The Sony WI-C400 are average-at-best wireless in-ears with an easy-to-use control scheme and a long battery life. They're stable enough for sports use and have a decently comfortable fit, but they have a treble-heavy sound that may be a bit too piercing for some. They also lack a lot of bass. They won't be the best headphones for watching a lot of video content either and take a considerable amount of time to charge, but on the upside, they do not leak much even at high volumes.
Average for mixed usage. The Sony WI-C400 have a decently comfortable and lightweight design that's stable enough to run with. They also have a long battery life for continuous use. Unfortunately, they have a mediocre-at-best sound quality. They do not isolate as well as other in-ears and take a long time to charge. They also have quite a bit of latency which is not suitable for gaming or watching a lot of videos.
Mediocre for neutral listening. They have a good mid-range but can sound a bit too forward and piercing on already bright tracks. They also have a lackluster bass range that's missing a lot of thump and rumble so they may sound a bit bland and boring to some. Unfortunately, they are closed-back in-ears so they can't create a spacious and open soundstage which won't be ideal for neutral listeners.
Average for commuting. The Sony WI-C400 do not block a lot of noise but they're decently portable, comfortable and fairly easy to use. You can also mask some of the ambient chatter of your commute by raising the volume level since they barely leak.
Above-average for sports. The WI-C400 are easy-to-use and have an around-the-neck, in-ear design that's stable enough for running. They're also lightweight, decently portable, and wireless. However, the in-ear tips do slide a bit in the ear canal during more strenuous activities.
Average for office use. The Sony WI-C400 struggle to isolate in loud environments but have very low leakage which won't distract your colleagues. They also have a long battery life and an intuitive control scheme.
Below-average for gaming. The Sony WI-C400 have too much latency for gaming and a mediocre-at-best microphone and sound quality. They also do not support the Sony| Headphones Connect app so they have no customization options which are typical for a gaming headset.
The Sony WIC400 look somewhat decent but feel a little cheap and fragile. They have a simple around-the-neck design, with a slim neckband stem and two thick plastic casings to house the electronics. The neckband has a matte finish and a decently polished design that makes them look a little more premium than some of the budget around-the-neck in-ears we've tested like the Mpow Jaws. Unfortunately, this is offset by the thin audio cables and the cheap-looking earbuds. Overall they have an understated style that will work for most but doesn't feel as high-end as some of the more recent Sony releases.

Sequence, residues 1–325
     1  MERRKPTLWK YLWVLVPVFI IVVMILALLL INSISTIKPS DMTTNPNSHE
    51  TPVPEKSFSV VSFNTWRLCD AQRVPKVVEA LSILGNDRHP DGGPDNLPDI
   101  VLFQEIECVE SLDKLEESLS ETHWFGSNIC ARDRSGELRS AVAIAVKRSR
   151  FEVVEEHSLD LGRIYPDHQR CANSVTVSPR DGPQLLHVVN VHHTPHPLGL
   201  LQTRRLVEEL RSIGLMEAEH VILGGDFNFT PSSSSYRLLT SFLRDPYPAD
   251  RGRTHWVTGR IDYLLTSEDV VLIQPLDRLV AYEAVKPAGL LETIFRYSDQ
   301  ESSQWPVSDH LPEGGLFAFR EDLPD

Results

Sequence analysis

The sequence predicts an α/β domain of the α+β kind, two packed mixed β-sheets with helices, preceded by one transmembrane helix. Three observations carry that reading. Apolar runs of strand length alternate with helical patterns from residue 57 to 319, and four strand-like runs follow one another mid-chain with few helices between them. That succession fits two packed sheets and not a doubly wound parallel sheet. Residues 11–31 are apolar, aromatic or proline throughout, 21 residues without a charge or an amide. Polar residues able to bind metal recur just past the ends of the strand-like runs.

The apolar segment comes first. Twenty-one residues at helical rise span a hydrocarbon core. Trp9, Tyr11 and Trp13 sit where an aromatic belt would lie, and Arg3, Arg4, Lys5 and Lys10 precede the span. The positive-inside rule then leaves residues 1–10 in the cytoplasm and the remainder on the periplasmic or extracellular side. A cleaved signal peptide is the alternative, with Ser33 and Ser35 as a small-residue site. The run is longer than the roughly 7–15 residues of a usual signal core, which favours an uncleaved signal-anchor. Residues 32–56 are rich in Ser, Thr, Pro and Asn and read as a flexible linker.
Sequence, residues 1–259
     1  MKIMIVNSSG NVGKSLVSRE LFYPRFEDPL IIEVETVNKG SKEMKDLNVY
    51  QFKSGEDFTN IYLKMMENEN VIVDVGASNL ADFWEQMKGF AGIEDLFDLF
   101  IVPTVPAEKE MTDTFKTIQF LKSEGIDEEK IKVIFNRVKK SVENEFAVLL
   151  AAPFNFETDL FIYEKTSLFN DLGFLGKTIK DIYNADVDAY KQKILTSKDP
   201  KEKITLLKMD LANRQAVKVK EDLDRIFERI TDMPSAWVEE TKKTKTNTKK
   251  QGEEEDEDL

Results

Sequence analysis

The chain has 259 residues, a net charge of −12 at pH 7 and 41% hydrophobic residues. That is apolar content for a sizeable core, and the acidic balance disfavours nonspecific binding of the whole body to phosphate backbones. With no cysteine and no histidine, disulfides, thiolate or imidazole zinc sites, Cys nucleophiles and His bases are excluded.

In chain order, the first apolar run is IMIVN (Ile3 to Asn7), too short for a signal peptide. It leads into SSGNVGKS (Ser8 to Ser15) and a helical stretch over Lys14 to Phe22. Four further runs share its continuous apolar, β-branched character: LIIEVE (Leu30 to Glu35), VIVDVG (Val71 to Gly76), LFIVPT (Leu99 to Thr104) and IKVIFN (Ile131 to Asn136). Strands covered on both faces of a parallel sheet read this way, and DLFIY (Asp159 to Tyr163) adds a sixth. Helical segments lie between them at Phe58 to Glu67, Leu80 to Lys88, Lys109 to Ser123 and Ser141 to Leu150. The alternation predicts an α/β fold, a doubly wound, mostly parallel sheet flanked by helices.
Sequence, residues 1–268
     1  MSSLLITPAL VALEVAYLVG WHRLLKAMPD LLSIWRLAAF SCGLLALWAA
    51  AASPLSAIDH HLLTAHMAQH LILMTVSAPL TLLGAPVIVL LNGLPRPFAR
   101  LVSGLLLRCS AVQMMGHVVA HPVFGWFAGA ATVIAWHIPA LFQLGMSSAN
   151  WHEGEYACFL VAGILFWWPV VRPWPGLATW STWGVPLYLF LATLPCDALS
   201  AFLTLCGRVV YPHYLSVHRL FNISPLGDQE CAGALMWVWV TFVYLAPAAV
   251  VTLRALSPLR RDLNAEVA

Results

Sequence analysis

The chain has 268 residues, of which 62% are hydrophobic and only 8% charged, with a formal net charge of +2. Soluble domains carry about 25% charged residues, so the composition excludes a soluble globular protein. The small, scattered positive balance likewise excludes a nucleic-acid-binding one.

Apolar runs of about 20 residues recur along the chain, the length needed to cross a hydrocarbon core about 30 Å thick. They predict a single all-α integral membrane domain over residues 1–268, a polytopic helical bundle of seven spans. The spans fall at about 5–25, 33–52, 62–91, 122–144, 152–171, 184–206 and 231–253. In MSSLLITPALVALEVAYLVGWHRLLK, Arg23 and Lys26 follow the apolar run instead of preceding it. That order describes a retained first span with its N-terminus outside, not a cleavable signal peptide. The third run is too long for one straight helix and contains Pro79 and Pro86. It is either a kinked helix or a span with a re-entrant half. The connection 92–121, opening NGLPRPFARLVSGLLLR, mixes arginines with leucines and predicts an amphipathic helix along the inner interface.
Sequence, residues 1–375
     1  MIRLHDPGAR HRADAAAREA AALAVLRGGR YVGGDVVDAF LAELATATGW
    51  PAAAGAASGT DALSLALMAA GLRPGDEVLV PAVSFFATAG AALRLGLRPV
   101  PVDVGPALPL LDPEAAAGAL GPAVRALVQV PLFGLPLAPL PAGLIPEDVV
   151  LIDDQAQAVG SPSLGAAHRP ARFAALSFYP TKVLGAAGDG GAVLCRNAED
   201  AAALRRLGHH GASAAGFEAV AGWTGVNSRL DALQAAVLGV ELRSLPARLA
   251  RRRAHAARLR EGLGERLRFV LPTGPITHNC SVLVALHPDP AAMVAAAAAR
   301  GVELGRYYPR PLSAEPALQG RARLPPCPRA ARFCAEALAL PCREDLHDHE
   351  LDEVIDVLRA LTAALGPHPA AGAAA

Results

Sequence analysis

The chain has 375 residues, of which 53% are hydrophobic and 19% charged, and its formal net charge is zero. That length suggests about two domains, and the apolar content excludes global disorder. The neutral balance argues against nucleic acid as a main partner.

The Sony WI-C400 have a decently comfortable around-the-neck design and in-ear fit. They're lightweight, and you can adjust the length of the cables so that they do not pull on the earbuds while not being too distracting like on the Mpow Jaws. Unfortunately, the earbud tips are pretty standard. You get 3 different sizes of silicone tips and no other accessories to improve comfort. They do not go in as deeply as some in-ears but if you are not the biggest fan of in-ear designs then you may want to consider the slightly more comfortable earbud fit of the Jabra Elite 45e or Elite 25e.
The Sony WI-C400 have a simple and efficient control scheme. They provide all the essential functions for a Bluetooth headphone; call/music, track-skipping, and volume controls (skipping tracks is done by holding down the volume buttons). Overall, the buttons are responsive and decently easy-to-use once you get familiar with the layout which doesn't take too long.
The Sony WI-C400 like most in-ears are very breathable. They do not cover the outer-ear so they won't make you sweat more than usual when doing strenuous exercises or workout routines. They do trap a bit of heat within the ear canal, but it's negligible which makes them decently suitable for physical activity and sports.
These headphones are fairly portable and easy-to-carry around on your person, especially if you just let them dangle around your neck. However, they're not as flexible as the BeatsX so you can't fold and put them in your pocket. If you do not mind having them around your neck most of the time, then they won't be a hassle to carry around. Unfortunately, they don't come with case or pouch which is slightly disappointing. If you want more portable Sony headphones, take a look at the WI-C310.
These headphones do not come with a case or pouch.
These headphones have a slightly weak build quality but do not feel cheap like some of the budget around the neck designs we've tested. They have a decently flexible neckband that won't easily snap under physical stress, but it's not as flexible as the BeatsX so folding them past a certain point will damage the headphones (see our recommendations for the best neckband headphones). Unfortunately, the audio cables are thin and fragile, and the earbuds look and feel low-end. They feel better built than the Mpow Jaws but are not quite on the level of the Samsung U Flex or JBL Live 200BT.
The WIC400 have a stable in-ear, around the neck design for running and sports. They stay put under most circumstances even during more intense physical activities. However, the audio cables leading to the earbuds are a little long and could get caught on an item of clothing which will pull them out of your ears. The neckband has a decent cable management system to mitigate this issue but getting the cable length just right requires a bit of adjustment from time to time. Also, the neckband will sometimes shift around depending on the item of clothing which pulls on cables and may cause the earbuds to slip out of your ears.